Richard IIThis is one of Shakespeare’s most difficult plays, loaded with complex and ambiguous characters. Don’t despair if it doesn’t immediately seem obvious to you: it probably will never be completely clear, but that’s part of the richness of the experience. Unlike some of Shakespeare’s other histories (Richard III, for example), it’s not a melodrama with a clearly defined Good Guy and an obvious mustache-twirling Bad Guy. It’s rather a study of a complex moral and political situation, and the relationship of one’s public persona and one’s private identity. At the end, the story hints at the narrative of David, who despite being in rebellion could not tolerate the killing of Saul, the Lord’s Anointed, and who (when the shoe was on the other foot) could only mourn the death of his son Absalom, who had rebelled against him himself. At the heart of the story is a narrative of the disorderly and ill-considered transfer of power, and the shock waves that can send throughout the whole system of government, and through the people who find themselves obligated to it.
In the year 1400, a number of powerful men, bound by their oath of fealty to a capricious and incompetent king, took matters into their own hands, broke their oath, and deposed the king. The consequences of that action, however, were predictably deeper than the merely political. It cast England into one of its bloodiest civil wars — the so-called War (sometimes Wars) of the Roses. England was kept off balance for nearly another century — until the defeat of Richard III at the battle of Bosworth Field in 1485. As a play, Richard II explores — without giving any easy answers — what it means for the king to have a right to rule, and what relationship his subjects have with respect to the king and to God. Let yourself step outside the modern democratic mindset for a while as you consider this question. The issues are not quite the same as those that trouble the modern state, but they are real, and they will find at least partial reflection in any situation where a group of people has to address personal leadership.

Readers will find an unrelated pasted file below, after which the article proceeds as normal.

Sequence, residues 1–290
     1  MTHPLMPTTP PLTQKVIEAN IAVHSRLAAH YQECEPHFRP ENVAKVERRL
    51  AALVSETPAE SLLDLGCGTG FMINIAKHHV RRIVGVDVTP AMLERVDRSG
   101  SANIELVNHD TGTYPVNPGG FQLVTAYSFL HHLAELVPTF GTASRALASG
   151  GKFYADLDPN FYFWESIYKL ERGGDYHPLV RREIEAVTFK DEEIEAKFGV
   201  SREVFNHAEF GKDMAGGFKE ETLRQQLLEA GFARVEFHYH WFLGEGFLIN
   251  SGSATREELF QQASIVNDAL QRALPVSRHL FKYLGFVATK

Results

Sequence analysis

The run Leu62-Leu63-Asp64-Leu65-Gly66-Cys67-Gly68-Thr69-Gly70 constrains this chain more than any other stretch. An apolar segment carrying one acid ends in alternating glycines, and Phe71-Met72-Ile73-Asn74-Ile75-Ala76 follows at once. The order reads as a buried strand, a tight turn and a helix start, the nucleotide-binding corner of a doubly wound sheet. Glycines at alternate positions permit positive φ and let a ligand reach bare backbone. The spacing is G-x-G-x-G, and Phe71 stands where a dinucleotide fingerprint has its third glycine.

The play was also a political hot potato in its day. The childless Richard, the plaything of malicious advisors, was seen in some contexts to figure the childless (and aging) Elizabeth, who was also surrounded by sometimes-unpopular counselors as well. The Duke of Essex indeed supplemented the fees for a performance of the play in order, it is surmised, to help foment rebellion. Elizabeth was too cagy for him: she’s said to have commented on a previous occasion, “I am Richard II, know ye not that?” A little more than a fortnight later, she had Essex’s head removed for his troubles.
Even sundered from these exciting but transient considerations, the play remains a colossal achievement in theater. Richard himself is one of the most subtly-realized characters in the whole Shakespeare corpus. He is infinitely mercurial — arguably prefiguring what we might today consider a bipolar character. He’s up one moment and down the next. For an actor, the role is almost a bottomless pit, and I imagines it must be hard to play for an extended run without losing track of who you are.
It is also a repository of some of the most lyrical poetry in all of Shakespeare. There is of course John of Gaunt’s famous speech about England (so often taken out of context, by those who don’t realize that he’s building up the whole while, to a condemnation of what England has become), but there are other equally brilliant speeches, short and long, that plumb the depths of personal identity and the nature of honor with extraordinary acumen. The range of performances available for it is fairly small, but it includes some remarkably good pieces of work.